The books here are from a box of paperback books I was reading in New York City in 1985.  It is a snapshot of the early eighties and of what was important to me then.  Janet Malcolm,  Joan Didion, Flaubert, James Baldwin,  Voltaire,  Graham Greene, Richard Brautigan, Peter Matthiessen, Oscar Wilde,  Kant, Aldous Huxley,  Henry Miller, Thomas Berger, Dashiell Hammett, Virginia Wolfe, Jean Cocteau...  There are a few exceptions, Cold Snap by Thom Jones, a little hard-cover red book on the right hand side, True Patriot by Eric Liu and Nick Hanauer from 2008 and "Don't Think of an Elephant" by George Lakoff.  (See "Evening with Lakoff" post.)

This is from one of our annual "Rational Evenings."  Each guest is asked to bring a fact, statistic or novel view of something that has changed the way they now see a particular issue.  We go around the room hearing from each guest.  Humorous one moment and we're all in tears the next.  En masse it is a riveting adhoc symposium on the issues that are relevant to our friends today. 

Friends arrive and depart by an elevator in the Chinese Room.  
Pictured here is Fred, Ben, Margit, David and me. Ben and Margit Rankin are Simone and Naomi's godparents along with William Justen.  Can't have too many godparents!

Simone cycling in the lobby on a rainy day.  Security guards, Alex and Adam with
bikes in the background, probably getting ready for their commutes home.
Looking South toward the stadiums at dawn.

Saturday, June 19, 2010

Birthday at 3700 feet

We flew to the Hampton's on June 19 which is Simone's birthday.  The flight attendant, Maria, had an idea. Over the intercom, she had the passengers light the candles by pressing the attendant call buttons.  Then they sang Happy Birthday and then Simone made a wish and blew out the candles at which point the passengers pressed the call buttons again to snuff the candles out.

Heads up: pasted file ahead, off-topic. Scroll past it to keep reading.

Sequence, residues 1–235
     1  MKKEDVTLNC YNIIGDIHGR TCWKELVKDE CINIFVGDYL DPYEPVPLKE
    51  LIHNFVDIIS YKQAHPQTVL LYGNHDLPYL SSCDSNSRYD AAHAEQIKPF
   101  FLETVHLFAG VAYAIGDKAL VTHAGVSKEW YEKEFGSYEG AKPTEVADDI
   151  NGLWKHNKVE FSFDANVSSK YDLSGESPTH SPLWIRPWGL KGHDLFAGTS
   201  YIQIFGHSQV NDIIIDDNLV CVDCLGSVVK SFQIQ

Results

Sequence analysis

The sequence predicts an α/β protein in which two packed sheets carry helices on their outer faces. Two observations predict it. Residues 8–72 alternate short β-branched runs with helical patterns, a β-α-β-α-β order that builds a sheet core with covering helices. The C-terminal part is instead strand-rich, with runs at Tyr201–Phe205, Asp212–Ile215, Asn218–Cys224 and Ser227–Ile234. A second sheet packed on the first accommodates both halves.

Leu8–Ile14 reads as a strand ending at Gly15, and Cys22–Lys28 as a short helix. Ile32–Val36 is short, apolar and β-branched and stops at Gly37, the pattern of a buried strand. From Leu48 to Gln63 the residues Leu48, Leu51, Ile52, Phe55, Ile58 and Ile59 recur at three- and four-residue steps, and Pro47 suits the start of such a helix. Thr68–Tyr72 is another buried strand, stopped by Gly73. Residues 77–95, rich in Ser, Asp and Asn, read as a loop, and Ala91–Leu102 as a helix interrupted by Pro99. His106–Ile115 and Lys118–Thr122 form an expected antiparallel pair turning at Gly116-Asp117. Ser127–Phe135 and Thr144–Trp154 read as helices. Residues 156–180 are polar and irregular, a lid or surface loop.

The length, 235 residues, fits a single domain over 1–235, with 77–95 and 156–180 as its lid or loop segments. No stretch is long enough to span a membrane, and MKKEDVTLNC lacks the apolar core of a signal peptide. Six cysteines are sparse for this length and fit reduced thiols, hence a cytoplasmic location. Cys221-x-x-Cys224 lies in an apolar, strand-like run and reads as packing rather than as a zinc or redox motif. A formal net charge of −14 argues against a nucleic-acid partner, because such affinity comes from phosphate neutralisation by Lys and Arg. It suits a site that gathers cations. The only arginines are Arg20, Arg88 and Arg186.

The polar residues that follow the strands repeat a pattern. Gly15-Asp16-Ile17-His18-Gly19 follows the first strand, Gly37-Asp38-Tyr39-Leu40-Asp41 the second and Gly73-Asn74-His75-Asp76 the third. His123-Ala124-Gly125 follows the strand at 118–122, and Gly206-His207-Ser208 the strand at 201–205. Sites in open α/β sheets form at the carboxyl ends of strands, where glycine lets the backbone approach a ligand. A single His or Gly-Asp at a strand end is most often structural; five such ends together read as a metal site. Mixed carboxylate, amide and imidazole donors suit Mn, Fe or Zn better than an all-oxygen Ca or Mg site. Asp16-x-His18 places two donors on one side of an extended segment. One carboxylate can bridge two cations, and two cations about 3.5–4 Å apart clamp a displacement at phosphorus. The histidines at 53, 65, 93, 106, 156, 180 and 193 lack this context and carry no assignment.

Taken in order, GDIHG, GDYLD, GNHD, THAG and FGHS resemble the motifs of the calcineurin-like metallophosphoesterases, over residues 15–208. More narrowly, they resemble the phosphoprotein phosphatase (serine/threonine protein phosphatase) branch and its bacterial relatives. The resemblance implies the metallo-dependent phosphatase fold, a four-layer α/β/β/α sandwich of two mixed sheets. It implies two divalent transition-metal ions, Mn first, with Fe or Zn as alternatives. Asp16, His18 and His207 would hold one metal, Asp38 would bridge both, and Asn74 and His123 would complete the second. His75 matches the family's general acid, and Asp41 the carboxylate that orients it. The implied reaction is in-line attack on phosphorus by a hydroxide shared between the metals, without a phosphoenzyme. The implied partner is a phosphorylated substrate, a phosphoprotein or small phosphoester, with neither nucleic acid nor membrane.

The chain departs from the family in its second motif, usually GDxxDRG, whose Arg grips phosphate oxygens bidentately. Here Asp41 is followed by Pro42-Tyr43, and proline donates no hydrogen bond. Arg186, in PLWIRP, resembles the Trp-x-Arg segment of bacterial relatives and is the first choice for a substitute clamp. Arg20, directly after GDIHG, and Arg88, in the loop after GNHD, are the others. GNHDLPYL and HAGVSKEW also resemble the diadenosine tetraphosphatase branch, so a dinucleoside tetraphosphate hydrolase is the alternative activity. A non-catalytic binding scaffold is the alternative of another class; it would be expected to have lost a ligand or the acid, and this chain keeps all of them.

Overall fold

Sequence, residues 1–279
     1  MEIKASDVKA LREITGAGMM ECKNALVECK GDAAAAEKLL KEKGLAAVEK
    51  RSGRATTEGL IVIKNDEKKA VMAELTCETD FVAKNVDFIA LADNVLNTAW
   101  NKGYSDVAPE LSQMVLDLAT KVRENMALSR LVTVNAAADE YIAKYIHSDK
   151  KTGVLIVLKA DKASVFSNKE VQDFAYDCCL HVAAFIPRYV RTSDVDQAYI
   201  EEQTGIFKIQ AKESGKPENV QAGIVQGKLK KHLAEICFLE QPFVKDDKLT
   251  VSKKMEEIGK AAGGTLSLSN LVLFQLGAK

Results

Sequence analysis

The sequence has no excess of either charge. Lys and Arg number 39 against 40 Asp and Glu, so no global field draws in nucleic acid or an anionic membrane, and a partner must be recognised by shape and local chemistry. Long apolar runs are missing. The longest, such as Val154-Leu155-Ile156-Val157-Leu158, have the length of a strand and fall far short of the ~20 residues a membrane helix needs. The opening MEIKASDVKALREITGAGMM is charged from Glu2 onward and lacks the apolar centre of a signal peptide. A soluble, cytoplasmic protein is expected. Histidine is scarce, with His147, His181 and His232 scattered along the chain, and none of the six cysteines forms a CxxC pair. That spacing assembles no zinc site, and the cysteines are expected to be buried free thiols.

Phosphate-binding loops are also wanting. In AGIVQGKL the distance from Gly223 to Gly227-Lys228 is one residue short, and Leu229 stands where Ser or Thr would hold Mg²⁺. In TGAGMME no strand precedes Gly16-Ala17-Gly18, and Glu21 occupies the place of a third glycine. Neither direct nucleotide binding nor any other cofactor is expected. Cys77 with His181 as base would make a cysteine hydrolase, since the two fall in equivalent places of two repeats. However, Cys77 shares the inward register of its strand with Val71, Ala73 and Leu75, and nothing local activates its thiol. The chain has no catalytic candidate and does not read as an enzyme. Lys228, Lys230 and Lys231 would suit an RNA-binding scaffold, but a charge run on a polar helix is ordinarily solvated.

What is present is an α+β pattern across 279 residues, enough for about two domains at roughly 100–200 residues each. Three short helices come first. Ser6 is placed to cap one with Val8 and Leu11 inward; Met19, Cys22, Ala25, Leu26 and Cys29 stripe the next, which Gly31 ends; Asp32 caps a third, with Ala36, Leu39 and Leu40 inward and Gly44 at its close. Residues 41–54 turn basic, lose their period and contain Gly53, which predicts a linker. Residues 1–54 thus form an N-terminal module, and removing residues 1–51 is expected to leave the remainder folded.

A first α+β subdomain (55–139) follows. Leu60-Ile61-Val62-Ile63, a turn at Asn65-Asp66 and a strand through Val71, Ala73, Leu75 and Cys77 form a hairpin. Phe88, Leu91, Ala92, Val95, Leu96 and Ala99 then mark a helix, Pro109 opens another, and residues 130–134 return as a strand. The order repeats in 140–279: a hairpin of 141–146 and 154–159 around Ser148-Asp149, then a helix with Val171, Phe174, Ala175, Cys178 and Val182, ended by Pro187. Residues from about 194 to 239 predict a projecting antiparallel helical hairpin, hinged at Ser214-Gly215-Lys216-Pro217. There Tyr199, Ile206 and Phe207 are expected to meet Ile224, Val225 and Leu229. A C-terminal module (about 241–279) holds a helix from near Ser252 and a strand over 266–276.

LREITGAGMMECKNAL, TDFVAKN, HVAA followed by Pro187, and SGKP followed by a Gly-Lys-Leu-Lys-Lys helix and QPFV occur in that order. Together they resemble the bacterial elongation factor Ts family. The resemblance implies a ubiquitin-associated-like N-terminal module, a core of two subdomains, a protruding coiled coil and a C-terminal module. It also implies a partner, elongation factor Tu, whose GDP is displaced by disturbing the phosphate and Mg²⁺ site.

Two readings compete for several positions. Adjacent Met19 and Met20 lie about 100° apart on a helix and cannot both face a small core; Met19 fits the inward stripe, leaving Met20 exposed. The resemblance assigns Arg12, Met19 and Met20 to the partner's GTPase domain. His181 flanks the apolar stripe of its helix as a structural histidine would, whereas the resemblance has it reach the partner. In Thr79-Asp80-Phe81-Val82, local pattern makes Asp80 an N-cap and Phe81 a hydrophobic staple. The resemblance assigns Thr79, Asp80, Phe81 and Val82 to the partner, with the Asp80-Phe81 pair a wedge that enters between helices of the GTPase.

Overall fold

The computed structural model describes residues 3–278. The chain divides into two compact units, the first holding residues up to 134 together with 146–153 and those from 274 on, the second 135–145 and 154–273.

By the way, Simone had already enjoyed a giant 120 guest "Big Dig" Treasure hunt at the beach (epic as always) and celebrated her birthday at school and then again with her god-parents and so she didn't mind flying on this very special day.  

Wednesday, June 16, 2010

There is something about the outside of a horse that is good for the inside of a man. -Winston Churchill

My good friend Annie Reese (mother of Cora and Liam) invited us to join them for riding lessons at the Willows Edge Farm in Bothell.  The riding school has these beautiful warm maneless horses called Norwegian Fjords that are perfect for young riders.  Be forewarned...throughout this post are horse jokes that Naomi and Simone have been testing out on their friends.

Cora went first.  She took to it immediately.

A cowboy rode into town on Thursday,
Stayed 3 days and rode out on Thursday. 
How is this possible?
(Answer:  His horse's name was Thursday.)

Liam went next.  He'd done some riding before and he wanted more speed.  He was ready to trot.

Did you hear about the sad horse?  He told a tale of whoa! oh whoa!
Where do you take a sick horse?  To the horspital of course.

Simone loved it.
Girl: We have a mayor. Do you? 

Horse: Sure! 
Girl: What do you call it? 
Horse: Same as you do. Mare!

All the horse had the Willows Farm heart brand on their rumps.
One day, while I was petting a Shetland Pony at the zoo, a friend of mine asked, "How
are you today?"  I responded, "I'm feelin a little hoarse." 

Naomi's spiderman boots work fine. 

What does it mean if you find a horse shoe? Some poor horse is walking around in his socks.

Each lesson began with a few rounds of no hands.  Naomi talked the whole time she was riding. "Sweet horsey. You have a nice coat. I like it way up here. etc.."  She was a wee bit nervous and found her own way to handle it. 

But I've got a horse out in the country 
I get to see him every second Sunday 
He comes when I call him, 
Yeah,he knows his name 
One day I'll saddle up And the 
two of us will ride away"  
                                 -Cowboy Junkies

Tuesday, June 15, 2010

My feet can reach the petals.

We seem to be on the weekly boat rental program at Greenlake. 

Simone and Naomi like the big double-wide mothership ones so they can walk around easily. 
I like the boogie board best, but they have to stay very still or we get a chilly bath.

Saturday, June 12, 2010

Abbey Road

The Daggatt's are visiting Gemma's family in London.  Great Shot!

Sunday, June 6, 2010


McKinley's leap.  Isn't it beautiful.

Tuesday, June 1, 2010

Arne's egg.

What a satisfying chair.  Thank you Arne Jacobsen for creating this beautiful lounge.  
(There is a whisper of Eero Saarinen in here.)